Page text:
Only three days before the rule’s effective date of July 1, 2016, a federal judge in Texas orders the DOL to forgo implementation of the rule nationwide.
New persuader rule is “defective to its core”
In a 90-page decision, U.S. District Judge Sam R. Cummings (N. Dist. of Texas) blasted the new persuader rule as inconsistent with the Labor Management Reporting and Disclosure Act, arbitrary, capricious, and an abuse of the DOL’s discretion, and also violative of the First Amendment. The Court further concluded that the rule threatened irreparable injury on a nationwide basis and entered a preliminary injunction.
July 1, 2016 effective date apparently now moot
Many law firms and consultants have been soliciting business by suggesting employers might experience relief from the new persuader rule’s July 1, 2016 effective date by entering into multiyear agreements on or before June 30. We have reviewed the sources cited as evidence in support of this approach. We are not persuaded that employers would benefit from such agreements, and we are not advising our clients to enter into them. For now, in light of the above decision, the June 30 agreement issue appears to be moot, and it will likely be months or even years before the courts finally determine the validity of the new persuader rule.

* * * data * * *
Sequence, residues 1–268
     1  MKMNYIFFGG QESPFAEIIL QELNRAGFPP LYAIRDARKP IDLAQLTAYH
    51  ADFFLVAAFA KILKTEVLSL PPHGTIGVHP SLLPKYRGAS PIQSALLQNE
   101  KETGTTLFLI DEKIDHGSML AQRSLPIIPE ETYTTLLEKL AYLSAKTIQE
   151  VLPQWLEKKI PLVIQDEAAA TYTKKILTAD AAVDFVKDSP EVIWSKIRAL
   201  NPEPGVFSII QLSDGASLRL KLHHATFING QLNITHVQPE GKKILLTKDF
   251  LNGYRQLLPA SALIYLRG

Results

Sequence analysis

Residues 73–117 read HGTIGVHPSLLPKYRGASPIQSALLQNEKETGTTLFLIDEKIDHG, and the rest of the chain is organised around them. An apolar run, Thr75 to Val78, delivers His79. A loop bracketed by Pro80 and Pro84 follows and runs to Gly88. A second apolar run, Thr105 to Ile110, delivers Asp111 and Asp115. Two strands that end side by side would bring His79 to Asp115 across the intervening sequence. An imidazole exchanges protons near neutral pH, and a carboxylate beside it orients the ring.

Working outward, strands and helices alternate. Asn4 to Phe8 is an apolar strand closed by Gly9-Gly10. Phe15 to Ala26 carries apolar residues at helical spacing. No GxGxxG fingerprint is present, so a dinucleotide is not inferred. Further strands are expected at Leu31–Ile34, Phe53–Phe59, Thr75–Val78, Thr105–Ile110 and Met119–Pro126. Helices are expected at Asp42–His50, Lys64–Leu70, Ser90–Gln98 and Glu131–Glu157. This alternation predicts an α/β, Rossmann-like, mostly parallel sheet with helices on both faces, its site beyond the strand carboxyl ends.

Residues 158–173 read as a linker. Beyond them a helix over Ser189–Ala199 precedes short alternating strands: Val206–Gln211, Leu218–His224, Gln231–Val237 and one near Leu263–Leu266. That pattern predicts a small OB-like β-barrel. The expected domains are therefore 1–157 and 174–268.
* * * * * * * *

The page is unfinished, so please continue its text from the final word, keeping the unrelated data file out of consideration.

Findings of Fact
New persuader rule would harm businesses by reducing their ability to access information and advice they need to have. It is not possible for lawyers to give meaningful advice without crossing into “persuasion,” as newly defined by the DOL. Costs of compliance would be significant.
Conclusions of Law
By threatening employers’ access to legal advice, the new rule interferes with the First Amendment. The threatened injury to employers nationwide outweighs any threatened harm to the DOL. The preliminary injunction maintains the status quo while the case is finally resolved.